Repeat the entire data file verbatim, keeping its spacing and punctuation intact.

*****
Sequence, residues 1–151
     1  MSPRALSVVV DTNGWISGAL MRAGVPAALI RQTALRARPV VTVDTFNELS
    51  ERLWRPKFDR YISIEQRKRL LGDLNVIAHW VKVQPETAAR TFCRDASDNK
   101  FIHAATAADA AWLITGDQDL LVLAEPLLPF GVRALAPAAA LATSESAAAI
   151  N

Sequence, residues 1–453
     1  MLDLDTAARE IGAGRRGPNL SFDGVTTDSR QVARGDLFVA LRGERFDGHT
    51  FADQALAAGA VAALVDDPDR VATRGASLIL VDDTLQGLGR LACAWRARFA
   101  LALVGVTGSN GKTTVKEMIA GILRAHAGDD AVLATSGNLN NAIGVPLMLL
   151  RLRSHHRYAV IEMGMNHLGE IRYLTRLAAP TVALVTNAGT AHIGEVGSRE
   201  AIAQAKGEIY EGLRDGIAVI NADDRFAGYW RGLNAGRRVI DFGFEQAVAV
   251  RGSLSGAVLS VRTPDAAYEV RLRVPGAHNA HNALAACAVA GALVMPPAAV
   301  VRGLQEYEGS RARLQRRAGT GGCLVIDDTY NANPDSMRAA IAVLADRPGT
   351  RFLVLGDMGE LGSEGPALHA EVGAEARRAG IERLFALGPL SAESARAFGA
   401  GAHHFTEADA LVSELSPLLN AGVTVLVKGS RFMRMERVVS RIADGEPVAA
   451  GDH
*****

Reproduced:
Sequence, residues 1–151
     1  MSPRALSVVV DTNGWISGAL MRAGVPAALI RQTALRARPV VTVDTFNELS
    51  ERLWRPKFDR YISIEQRKRL LGDLNVIAHW VKVQPETAAR TFCRDASDNK
   101  FIHAATAADA AWLITGDQDL LVLAEPLLPF GVRALAPAAA LATSESAAAI
   151  N

Sequence, residues 1–453
     1  MLDLDTAARE IGAGRRGPNL SFDGVTTDSR QVARGDLFVA LRGERFDGHT
    51  FADQALAAGA VAALVDDPDR VATRGASLIL VDDTLQGLGR LACAWRARFA
   101  LALVGVTGSN GKTTVKEMIA GILRAHAGDD AVLATSGNLN NAIGVPLMLL
   151  RLRSHHRYAV IEMGMNHLGE IRYLTRLAAP TVALVTNAGT AHIGEVGSRE
   201  AIAQAKGEIY EGLRDGIAVI NADDRFAGYW RGLNAGRRVI DFGFEQAVAV
   251  RGSLSGAVLS VRTPDAAYEV RLRVPGAHNA HNALAACAVA GALVMPPAAV
   301  VRGLQEYEGS RARLQRRAGT GGCLVIDDTY NANPDSMRAA IAVLADRPGT
   351  RFLVLGDMGE LGSEGPALHA EVGAEARRAG IERLFALGPL SAESARAFGA
   401  GAHHFTEADA LVSELSPLLN AGVTVLVKGS RFMRMERVVS RIADGEPVAA
   451  GDH